Foam “coverage” for fire-protection

Among fire mitigation solutions, one of the more novel has been the application of environmentally safe, biodegradable fire-fighting foam used for pretreatment and suppression around a property’s perimeter and buildings where the fire threat is imminent. One such solution, marketed by Consumer Fire Products, Inc. (CFPI), a professionally trained brigade of fire professionals dedicated to wildfire property protection, is applied manually from private fire trucks fashioned with state-of-the-art equipment. The brigades coordinate closely with local incident command centers and operate within active fire zones, at the behest of insurers and other interested parties.

Major insurers often work with companies like CFPI to evaluate exposed locations, assess fire threats and prioritize deployment of resources. Customers with significant exposure and within close proximity to the forecast fire path could be identified, allowing CFPI to patrol these locations and take precautionary measures such as clearing brush, relocating flammable materials away from combustible construction and, as a last resort when under imminent threat, spraying buildings and foliage with biodegradable, fire-fighting foam.

Although the ability to know exactly where to invest and deploy protective services real-time is challenging, the concerted monitoring of conditions with underwriters has enabled protection services, once deployed, to continue until conditions like wind speed, low humidity and underbrush dryness have diminished enough over a seven-day period to safely discontinue services.

Insurance support

Innovative approaches and services represent part of the new frontier in predictive and proactive mitigation responses. As such capabilities emerge, it is imperative that the insurance industry be at the center of any such dialogue.

After an event, insurers should ramp up communication efforts with customers – making immediate contact and maintaining it until adjusters can access affected areas to assess damages, advance funds and analyze and facilitate customer needs (e.g. finding temporary storage locations or modifying existing undamaged structures).

Besides property insurance, which covers existing structures, and time element coverages to protect against business interruption, some “inland marine” coverages can also help in the rebuilding phase (e.g. repairing a burned-out site that is damaged by ensuing mudslides), like builders’ risk, installation floaters, riggers liability and construction block.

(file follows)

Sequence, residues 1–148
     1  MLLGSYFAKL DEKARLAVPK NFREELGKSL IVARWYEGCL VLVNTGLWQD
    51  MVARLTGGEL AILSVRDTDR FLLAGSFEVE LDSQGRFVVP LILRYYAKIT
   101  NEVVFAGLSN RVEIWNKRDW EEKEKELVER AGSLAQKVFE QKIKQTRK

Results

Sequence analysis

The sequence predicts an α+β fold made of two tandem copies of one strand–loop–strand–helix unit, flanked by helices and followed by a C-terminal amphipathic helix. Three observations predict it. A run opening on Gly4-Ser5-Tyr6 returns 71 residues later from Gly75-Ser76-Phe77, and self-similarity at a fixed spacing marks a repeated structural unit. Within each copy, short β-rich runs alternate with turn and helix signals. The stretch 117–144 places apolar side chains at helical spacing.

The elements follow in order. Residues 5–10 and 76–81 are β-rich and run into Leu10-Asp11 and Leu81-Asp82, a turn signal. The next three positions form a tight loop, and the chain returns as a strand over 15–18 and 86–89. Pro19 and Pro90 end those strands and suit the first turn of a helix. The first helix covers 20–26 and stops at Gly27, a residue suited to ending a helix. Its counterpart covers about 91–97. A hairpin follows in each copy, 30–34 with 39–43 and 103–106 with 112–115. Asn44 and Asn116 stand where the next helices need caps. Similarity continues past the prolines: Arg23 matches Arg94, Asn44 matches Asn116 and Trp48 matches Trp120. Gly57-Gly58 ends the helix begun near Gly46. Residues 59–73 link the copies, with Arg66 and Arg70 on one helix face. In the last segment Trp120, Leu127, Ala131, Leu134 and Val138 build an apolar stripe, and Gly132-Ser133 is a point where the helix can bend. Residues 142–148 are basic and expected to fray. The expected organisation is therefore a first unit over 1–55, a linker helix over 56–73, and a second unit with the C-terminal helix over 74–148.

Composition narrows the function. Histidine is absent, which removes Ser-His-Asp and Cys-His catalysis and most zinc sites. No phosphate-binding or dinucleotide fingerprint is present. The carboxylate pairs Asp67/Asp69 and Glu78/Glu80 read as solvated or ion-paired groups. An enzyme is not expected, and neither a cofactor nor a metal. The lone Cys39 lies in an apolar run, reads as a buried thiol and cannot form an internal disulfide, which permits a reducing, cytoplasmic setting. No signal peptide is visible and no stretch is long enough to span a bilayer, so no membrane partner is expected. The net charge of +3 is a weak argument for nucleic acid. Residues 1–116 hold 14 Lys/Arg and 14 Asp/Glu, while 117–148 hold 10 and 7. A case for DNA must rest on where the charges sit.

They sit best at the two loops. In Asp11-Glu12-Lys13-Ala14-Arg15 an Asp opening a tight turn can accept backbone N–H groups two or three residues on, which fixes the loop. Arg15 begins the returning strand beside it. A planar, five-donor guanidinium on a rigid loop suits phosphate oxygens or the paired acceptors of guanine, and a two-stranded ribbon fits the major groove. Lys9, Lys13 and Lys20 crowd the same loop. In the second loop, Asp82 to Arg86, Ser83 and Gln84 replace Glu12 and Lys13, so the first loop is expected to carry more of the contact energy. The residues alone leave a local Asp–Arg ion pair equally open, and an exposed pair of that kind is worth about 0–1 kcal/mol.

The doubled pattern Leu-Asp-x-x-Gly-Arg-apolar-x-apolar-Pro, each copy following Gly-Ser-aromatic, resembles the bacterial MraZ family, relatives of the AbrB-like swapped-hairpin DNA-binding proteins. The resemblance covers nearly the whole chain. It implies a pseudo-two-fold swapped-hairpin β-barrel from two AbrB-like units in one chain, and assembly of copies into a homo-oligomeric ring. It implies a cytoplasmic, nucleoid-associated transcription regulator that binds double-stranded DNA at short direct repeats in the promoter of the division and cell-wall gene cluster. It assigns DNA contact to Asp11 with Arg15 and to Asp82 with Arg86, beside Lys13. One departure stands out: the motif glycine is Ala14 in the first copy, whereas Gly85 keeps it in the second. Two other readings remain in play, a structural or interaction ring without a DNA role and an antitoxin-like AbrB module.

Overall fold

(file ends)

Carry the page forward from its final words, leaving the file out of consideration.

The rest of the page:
Mudslide Mitigation

Heavy rains during the wet season in previously burned areas can often cause devastating mudslides, which can further exacerbate and even increase property loss. According to the State of California Department of Insurance, insured losses from the 2018 mudslides—which especially hit the Santa Barbara area hard—resulted in 358 commercial property claims, totaling $129.2 million. Taking all claims into account – commercial and personal property – the grand total was $589.5 million, according to CBS News. Damages from mudslides can be as costly as damages from fires.

Some tips to mitigate mudslide dangers include monitoring local warnings to know if you are in a mudslide-prone area; being aware of your surroundings and the possibility of mudslides; and, being mindful of the potential for large pieces of landscape, including trees, logs, boulders and other debris fields, as well as “floating” destroyed houses, buildings, vehicles, etc. to fall or move in your vicinity.

See also: How to Fight Growing Risk of Wildfire  

Insurers can now strengthen their clients’ defense and better preserve their property partnership with policyholders. They are looking into how this in-event mitigation service on a large scale can be tailored to meet the customers exposed to various natural perils. By doing this, top insurers are taking risk prevention and mitigation to the next level.

CA’s ADR ‘Carve-Out’ Offers Key Advantages

When the California legislature established a workers’ compensation system in 1913, it was designed to mandate insurance to rapidly provide desperately needed medical treatment and wage loss mitigation to injured workers. In return, injured workers would not be able to sue in civil court and receive massive verdicts that could bankrupt businesses or receive punitive damages or “pain and suffering” beyond the scope of the medical findings.

There were three prongs of the Safety Act of 1913, also known as the Boynton Act. First, it provided compensation to injured workers. Second, it required employers to purchase insurance and established a state insurance company, known as the State Compensation Insurance Fund, in case employers could not acquire other insurance coverage. Third, it gave the state power to make and enforce safety rules and regulations, to prescribe safety devices to be used by employees and to require accidents to be reported.